The defendant also has the burden to prove its allegations raised in the defence, meaning the existence of facts that prevent, extinguish or modify the plaintiff's rights and allegations. For instance, the defendant may prove that it stayed the performance of contract because the plaintiff had failed to comply with its obligations in the first place (the exception of a non-performed contract).

In any circumstances, the use of evidence obtained by illicit methods is prohibited, pursuant to the Constitution.

Although both plaintiffs and defendants have the burden to prove their own allegations and claims raised in the complaint and in the defence, in exceptional cases, the court may impose on the counterparty the burden to produce certain pieces of evidence important for the matter under scrutiny, dynamically allocating the burden of proof among the parties. For instance, in view of the peculiarities of the lawsuit, this inversion on the burden of proof may occur when the party originally obliged to produce the evidence in court cannot do so, or when one of the parties has more ready access to the evidence.

The dynamic distribution of the burden of proof may also be agreed by the parties, before or during the lawsuit, provided that the allocation does not impact an inalienable right or renders the exercise of a right by one of the parties extremely difficult. This provision is especially useful for domestic and transnational commercial agreements, improving legal certainty and avoiding the risks inherent to leaving that allocation at the court's discretion.

The Brazilian system does not provide for a full disclosure of documents. Normally, the parties must rely on their own pieces of evidence, use them to substantiate the claims raised in the lawsuit and then submit the evidence to scrutiny by the counterparty and by the court (the adversarial principle). Once discovery is complete, including the holding of trial hearings, the court may render its decision, which is appealable at the respective court of appeals.

Unlike US proceedings, Brazilian legislation does not provide for broad discovery allowing the party to oblige its opponent to disclose a vast number of documents and information as evidence in the litigation. The Code of Civil Procedure puts at the parties' disposal more limited proceedings in which the plaintiff must satisfy certain legal requirements; to be granted the command obliging the opponent to disclose the documents in court, the plaintiff must, for example, prove that it does not have access to all the documents needed to prove its injury and prove with a high level of certainty the existence of the documents, the counterparty's or third-party's possession of the documents, the purpose of the documents and the relevance of the documents for the matter under scrutiny.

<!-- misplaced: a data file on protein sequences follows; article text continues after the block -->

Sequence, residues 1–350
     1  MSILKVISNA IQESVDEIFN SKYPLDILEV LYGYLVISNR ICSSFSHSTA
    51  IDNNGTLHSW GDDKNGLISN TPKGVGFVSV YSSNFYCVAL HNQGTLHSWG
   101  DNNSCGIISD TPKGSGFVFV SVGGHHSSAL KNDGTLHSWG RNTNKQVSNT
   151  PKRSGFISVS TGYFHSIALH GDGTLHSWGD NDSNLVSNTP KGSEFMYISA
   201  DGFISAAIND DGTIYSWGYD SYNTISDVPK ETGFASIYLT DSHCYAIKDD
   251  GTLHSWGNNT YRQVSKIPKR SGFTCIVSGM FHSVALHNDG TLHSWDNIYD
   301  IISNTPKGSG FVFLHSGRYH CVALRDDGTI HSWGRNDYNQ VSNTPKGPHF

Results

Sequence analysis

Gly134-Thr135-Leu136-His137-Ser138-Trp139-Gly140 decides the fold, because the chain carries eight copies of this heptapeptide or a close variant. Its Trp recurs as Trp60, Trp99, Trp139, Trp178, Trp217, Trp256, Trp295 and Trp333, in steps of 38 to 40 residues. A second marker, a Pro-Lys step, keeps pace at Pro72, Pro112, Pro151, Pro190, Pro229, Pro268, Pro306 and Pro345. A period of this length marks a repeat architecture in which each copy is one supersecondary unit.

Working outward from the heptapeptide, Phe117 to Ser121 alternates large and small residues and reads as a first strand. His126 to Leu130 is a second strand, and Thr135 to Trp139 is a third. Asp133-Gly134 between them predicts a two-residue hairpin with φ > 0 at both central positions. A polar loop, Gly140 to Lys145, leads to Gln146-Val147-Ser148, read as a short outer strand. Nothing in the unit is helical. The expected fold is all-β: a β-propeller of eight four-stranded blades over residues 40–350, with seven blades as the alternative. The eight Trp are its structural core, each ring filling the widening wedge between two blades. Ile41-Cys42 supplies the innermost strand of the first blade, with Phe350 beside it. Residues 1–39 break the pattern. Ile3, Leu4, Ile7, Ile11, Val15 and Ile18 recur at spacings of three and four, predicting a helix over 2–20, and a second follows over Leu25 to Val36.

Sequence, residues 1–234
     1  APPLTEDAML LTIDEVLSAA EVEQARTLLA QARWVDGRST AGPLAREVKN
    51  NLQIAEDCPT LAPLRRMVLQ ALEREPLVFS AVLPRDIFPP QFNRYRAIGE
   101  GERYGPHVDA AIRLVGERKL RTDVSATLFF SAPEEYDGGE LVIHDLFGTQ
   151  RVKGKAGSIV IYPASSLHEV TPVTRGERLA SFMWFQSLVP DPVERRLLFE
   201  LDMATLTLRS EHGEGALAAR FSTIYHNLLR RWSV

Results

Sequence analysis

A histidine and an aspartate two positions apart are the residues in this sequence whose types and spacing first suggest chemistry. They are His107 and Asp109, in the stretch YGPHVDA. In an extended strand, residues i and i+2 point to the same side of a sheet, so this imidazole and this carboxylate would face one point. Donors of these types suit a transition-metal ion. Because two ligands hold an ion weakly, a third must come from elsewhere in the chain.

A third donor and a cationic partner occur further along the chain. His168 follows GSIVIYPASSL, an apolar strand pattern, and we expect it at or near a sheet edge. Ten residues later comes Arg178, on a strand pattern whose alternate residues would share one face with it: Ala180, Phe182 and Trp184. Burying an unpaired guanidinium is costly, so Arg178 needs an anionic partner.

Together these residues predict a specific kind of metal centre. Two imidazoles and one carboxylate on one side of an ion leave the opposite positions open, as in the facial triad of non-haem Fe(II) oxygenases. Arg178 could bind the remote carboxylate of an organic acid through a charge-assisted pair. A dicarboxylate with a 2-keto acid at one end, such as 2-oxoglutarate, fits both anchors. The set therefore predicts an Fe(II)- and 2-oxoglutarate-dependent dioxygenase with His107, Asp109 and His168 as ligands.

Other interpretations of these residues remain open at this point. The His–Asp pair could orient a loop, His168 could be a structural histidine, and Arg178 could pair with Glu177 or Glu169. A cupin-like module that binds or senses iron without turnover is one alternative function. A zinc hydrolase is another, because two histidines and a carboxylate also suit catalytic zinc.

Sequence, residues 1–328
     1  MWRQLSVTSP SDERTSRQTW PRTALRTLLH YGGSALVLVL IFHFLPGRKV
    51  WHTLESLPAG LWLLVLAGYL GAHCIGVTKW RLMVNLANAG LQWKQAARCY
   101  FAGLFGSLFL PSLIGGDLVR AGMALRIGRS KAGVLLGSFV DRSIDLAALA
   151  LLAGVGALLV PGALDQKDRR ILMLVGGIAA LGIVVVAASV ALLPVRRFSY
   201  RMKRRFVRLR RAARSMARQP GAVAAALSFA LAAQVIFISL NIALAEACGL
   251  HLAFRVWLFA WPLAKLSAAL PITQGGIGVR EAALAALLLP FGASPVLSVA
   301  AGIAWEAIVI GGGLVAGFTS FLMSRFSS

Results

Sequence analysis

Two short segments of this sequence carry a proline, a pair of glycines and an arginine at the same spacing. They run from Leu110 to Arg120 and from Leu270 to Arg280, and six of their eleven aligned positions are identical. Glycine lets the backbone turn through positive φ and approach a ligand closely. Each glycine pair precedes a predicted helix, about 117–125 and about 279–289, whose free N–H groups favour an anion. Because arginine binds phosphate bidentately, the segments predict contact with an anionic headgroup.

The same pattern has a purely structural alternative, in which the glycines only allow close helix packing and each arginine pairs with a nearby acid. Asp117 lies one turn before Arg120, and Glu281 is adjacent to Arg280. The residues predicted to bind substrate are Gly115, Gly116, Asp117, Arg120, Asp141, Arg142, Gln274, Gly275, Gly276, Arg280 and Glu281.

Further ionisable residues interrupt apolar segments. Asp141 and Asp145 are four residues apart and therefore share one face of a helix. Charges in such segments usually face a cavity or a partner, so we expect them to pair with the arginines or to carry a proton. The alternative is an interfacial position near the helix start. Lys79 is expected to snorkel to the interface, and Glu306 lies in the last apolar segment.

Defences to enforcement

Defendants in a commercial contract dispute may raise a broad defence against the claim – regardless of whether it is made through enforcement proceedings, a monition action or an ordinary collection lawsuit – not only addressing the merits of the case (e.g., exception of a non-performed contract; defect in legal business by means of wilful misconduct, error, coercion, fraud or sham; substantial performance; or non-occurrence of unforeseeable events justifying the rebalancing of the contract) but also discussing preliminary topics, such as jurisdiction, compliance with the arbitration clause, extinguishment of right by peremption, statute of limitations, lis pendens and res judicata.

In the case of enforcement proceedings, the immediate enforcement acts against the defendant will only be stayed if the defendant provides a guarantee in court in an amount sufficient to cover the amount under dispute plus court costs and attorneys' fees, and if the party evidences immediate risk of damage to its defence and rights.

As a rule, the defendant should provide pieces of evidence on all facts and arguments raised in defence, especially facts intended to extinguish, impair or modify the plaintiff's right.

Specifically with regard to statute of limitations, the period will depend on the nature of the obligation, for example:

  1. a three-year period to claim for indemnification arising out a civil liability;
  2. a five-year period to collect a debt under a private instrument (even if it is not an extrajudicial enforcement instrument); and
  3. a 10-year period to discuss the validity of a contractual clause and the recognition of civil liability (the case law, however, is hesitant in this regard, and there are cases applying a three-year limitation period).

The defendant may argue the impossibility to perform the defaulted obligation; however, this allegation does not entail the defendant's full release. In this case, the performance of the obligation may be converted into the obligation to indemnify.